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£18bn project to link UK to huge wind and solar farm in Sahara delayed by a year

An £18bn project to connect Britain with a huge wind and solar farm in the Sahara through an undersea cable has been delayed by at least a year because of political ructions in Westminster.

The energy startup Xlinks hopes to provide 8% of Britain’s energy supplies through a 3,800km (2,360-mile) cable linking Morocco with the UK, powering 7m homes by 2030.

The project had been expected to begin generating power by 2027. However, that target date now appears unlikely.

The Xlinks’ executive chair, Sir Dave Lewis, a former chief executive of Tesco, warned that the recent political turmoil that has seen off three prime ministers in less than six months has stalled its progress.

He has been trying to secure a government “contract for difference” – a mechanism under which public subsidies are used to offer low-carbon generators, such as windfarms, a fixed price for power. The arrangement aims to encourage investment by making revenues more predictable.

Lewis told the Guardian: “We spent a long time with the then business secretary [Kwasi Kwarteng] who said: ‘We like it a lot but it needs to go through Treasury.’ There was a review with Treasury, Cabinet Office and the business department, which was very positive.

“Then we came back to them to start the detail and the political world exploded and, as a result, everything stopped. And everybody has changed, so it’s sort of like you’re starting again.

“Time is important for the UK to meet its net zero ambitions, to secure energy supplies and to reduce bills. We have lost a year.”

Xlinks was founded in 2019 by its chief executive, Simon Morrish, who has grown the environmental services business Ground Control across the UK.

When the Morocco-UK link is complete, Xlinks expects to generate 20 hours of reliable renewable energy a day using the Sahara’s sunshine and breezy night-time conditions.

The plan is to build almost 12m solar panels and 530 windfarms over the 960 sq km area of desert. The site, in the Guelmim-Oued Noun region, will also have 20 gigawatt hours of battery storage.

The cable transporting power from the site will hug the Moroccan coastline, then pass alongside Portugal, northern Spain and France before looping around the Isles of Scilly to terminate at Alverdiscott in north Devon, where Xlinks has already agreed to 1.8 gigawatt connections.

Morocco has an established wind, solar and hydroelectric power industry, and its solar intensity, a measure of generation power, is second only to Egypt and double that of the UK, according to data from Xlinks.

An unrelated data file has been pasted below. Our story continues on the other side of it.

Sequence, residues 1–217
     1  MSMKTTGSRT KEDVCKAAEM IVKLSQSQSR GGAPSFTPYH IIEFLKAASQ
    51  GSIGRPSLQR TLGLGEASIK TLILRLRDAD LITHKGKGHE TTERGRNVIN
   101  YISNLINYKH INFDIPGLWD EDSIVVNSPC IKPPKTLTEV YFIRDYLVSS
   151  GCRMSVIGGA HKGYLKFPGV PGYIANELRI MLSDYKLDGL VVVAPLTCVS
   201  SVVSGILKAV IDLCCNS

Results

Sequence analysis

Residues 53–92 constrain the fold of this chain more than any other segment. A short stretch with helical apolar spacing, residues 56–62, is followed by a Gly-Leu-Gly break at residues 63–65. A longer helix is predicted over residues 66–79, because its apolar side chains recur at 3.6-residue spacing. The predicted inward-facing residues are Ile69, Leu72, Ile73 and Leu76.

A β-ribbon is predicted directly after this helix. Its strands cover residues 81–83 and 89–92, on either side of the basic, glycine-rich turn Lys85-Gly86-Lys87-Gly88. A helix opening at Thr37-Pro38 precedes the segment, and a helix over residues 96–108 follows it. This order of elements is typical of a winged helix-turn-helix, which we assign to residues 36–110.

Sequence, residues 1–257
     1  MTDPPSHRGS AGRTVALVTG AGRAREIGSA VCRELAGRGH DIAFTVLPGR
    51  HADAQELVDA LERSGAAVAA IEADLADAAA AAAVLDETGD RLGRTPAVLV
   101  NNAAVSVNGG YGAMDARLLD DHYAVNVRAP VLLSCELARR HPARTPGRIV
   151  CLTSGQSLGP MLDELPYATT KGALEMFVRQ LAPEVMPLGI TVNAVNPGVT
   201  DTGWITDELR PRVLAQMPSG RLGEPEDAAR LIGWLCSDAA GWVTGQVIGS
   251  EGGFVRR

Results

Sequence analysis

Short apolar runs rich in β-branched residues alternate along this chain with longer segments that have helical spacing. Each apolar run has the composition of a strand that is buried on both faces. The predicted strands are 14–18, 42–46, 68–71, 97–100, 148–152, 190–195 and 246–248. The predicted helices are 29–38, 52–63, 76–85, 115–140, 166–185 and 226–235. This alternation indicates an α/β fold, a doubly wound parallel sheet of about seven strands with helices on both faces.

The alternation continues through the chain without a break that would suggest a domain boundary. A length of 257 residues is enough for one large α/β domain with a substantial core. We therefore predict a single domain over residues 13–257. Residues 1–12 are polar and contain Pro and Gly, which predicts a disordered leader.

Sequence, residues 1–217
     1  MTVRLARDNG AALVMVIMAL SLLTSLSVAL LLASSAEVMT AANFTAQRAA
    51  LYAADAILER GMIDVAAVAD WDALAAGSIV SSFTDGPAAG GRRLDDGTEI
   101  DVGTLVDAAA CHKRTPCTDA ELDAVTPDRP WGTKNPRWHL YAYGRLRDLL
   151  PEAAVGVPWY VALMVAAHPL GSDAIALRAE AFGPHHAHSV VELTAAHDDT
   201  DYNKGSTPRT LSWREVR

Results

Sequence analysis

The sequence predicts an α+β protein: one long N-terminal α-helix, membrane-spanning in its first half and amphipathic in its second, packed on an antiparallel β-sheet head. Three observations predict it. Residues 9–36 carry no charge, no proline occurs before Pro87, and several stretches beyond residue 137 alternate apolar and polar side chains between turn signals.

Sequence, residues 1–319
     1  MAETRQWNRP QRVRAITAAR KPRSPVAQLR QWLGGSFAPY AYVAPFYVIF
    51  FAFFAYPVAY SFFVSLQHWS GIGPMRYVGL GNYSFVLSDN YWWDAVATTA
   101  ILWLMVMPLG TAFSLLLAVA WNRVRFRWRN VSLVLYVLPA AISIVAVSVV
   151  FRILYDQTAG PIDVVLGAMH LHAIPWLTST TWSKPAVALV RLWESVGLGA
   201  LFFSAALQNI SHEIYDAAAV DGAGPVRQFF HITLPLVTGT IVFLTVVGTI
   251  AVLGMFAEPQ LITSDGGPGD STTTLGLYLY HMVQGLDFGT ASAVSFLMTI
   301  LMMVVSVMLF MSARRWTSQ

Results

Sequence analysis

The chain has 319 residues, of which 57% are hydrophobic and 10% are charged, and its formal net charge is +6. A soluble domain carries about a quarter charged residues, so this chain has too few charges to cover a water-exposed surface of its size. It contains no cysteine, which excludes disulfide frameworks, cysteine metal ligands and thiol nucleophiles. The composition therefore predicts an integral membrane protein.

The power lines will be laid by the world’s largest cable-laying ship and buried beneath the seabed to mitigate the risk of damage from fishing boats. The company is in the process of studying the seabed and gaining offshore permits.

Xlinks hopes to land a strike price of £48 per megawatt hour, lower than the £92.50 agreed for the delayed Hinkley Point C nuclear power plant in Somerset.

The company argues that despite the scale of the project, it can be more reliable for the security of UK energy supplies than domestic options because UK wind power can be hugely variable. Last week National Grid issued, and later cancelled preparations to launch its emergency winter plan after low wind and solar power left supplies tight.

Lewis has personally invested in the Xlinks project, along with Octopus Energy and its founder Greg Jackson.

Growing demand for renewable power has stretched supplies across the industry. In response, its sister company XLCC plans to build two factories to manufacture cables in Hunterston on the west coast of Scotland and another at a yet to be announced site in north-east England. The first received planning permission in June, and is expected to create 900 jobs.

Lewis, who worked for the consumer goods company Unilever for 27 years, became Tesco’s chief executive in 2014. He quickly had to tackle an accounting black hole and is credited with turning around Britain’s largest retailer before leaving in 2020. He is now chair of Haleon, the consumer goods company spun off from GlaxoSmithKline earlier this year.